SIMON: Removed her ring.
Mr. DEAVER: Yes. And she mentions casually that her flat is over the road in London, meaning very nearby. Would they like to retire there for an after-dinner cocktail? And Bond, of course, is thinking, well, I can sort of see where this is going, and what a nice connection it would be - because he feels something for her, of substance.
And then he looks down, and she is rubbing absently her ring finger, where the engagement ring had been. And Bond thinks to himself, now is not the time. And I've had a very, very good response from readers about that scene. It gave him some heart, and yet gave some hope to the readers that perhaps he will find somebody.
SIMON: This story ranges from London to Dubai to Cape Town, from Cote de Beaune wine to grilled halibut on the bone with hollandaise. How much research did you do, and was it all tax-deductible as a professional expense?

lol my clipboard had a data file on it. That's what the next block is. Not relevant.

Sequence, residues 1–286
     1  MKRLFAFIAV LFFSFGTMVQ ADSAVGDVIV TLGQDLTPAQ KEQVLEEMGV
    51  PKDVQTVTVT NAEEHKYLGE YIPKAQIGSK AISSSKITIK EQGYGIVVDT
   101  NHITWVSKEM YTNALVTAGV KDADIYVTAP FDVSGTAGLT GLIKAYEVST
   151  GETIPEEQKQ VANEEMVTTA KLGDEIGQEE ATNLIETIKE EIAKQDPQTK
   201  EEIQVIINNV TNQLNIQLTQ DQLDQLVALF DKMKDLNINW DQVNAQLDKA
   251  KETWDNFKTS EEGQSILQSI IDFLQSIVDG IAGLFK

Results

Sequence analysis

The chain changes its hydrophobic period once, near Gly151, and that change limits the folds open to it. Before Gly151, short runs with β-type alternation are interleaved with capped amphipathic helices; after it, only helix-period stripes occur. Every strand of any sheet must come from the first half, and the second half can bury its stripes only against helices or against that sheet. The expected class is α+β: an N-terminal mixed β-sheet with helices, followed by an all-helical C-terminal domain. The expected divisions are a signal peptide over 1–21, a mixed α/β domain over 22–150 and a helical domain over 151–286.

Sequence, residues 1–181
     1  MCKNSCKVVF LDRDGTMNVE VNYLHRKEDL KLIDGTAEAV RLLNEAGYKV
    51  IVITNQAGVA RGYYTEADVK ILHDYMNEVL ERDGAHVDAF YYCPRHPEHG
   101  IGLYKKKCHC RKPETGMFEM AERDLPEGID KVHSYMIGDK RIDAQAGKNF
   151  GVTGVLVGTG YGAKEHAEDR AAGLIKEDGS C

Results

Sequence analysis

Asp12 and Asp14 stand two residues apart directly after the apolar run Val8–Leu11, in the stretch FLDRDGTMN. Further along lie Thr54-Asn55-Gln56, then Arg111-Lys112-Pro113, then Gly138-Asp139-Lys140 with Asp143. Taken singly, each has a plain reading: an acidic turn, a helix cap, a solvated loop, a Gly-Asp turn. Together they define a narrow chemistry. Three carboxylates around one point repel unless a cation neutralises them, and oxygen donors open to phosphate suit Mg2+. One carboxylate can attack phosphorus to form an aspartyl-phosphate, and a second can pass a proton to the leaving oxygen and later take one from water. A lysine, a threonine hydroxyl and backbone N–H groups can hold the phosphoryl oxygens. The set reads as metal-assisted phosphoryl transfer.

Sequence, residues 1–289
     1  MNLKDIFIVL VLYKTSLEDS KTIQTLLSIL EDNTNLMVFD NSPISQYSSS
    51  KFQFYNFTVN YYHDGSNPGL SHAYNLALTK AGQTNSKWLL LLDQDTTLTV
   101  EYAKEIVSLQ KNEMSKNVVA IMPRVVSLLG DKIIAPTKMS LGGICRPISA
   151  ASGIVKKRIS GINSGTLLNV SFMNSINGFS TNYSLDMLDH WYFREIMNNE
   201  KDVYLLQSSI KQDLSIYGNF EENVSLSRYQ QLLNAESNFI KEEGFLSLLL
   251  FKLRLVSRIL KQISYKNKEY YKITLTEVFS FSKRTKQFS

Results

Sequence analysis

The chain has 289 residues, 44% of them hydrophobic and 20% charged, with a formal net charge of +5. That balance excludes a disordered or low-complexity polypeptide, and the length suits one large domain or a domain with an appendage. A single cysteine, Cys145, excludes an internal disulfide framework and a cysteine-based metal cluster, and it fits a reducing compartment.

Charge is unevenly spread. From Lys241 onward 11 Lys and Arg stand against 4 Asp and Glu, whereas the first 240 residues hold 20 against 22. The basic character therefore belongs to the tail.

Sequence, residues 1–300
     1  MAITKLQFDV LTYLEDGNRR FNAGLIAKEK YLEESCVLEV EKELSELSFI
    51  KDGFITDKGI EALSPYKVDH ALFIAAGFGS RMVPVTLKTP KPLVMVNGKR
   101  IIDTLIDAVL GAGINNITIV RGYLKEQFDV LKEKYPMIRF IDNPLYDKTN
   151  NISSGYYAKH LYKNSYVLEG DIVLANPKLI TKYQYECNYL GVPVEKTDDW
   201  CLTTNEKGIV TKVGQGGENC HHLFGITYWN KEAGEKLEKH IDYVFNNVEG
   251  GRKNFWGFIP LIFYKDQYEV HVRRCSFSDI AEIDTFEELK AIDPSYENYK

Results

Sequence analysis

Mr. DEAVER: If any - well, first of all, it's important to travel to every place you write about. And so I wanted to get all those details right. And I forced myself to even create a cocktail of my own that appears in the book, and that is now being served at the Savoy Hotel in London, under the name Carte Blanche.
(Soundbite of papers being shuffled)
SIMON: ...I was not going to spring this on you. I tried one last night. This is my receipt. Could I get you to sign it for the IRS?
Mr. DEAVER: I would be...
SIMON: Because I believe this is a professional expense.
Mr. DEAVER: Scott, it's your name. It is - I won't say anything. I would have made one for you for half the price, but I'm delighted to...
SIMON: Well, I don't want to give away anything but it's Crown Royal, triple sec...
Mr. DEAVER: A little bitters, Angostura bitters.
SIMON: Little bitters.
Mr. DEAVER: Yeah.
SIMON: The bartender said you should not mix rye and triple sec.
Mr. DEAVER: I did have a headache the next day. There was that little issue but...
(Soundbite of laughter)
Mr. DEAVER: I can see, the way you're looking, you had a little bit of an issue, too.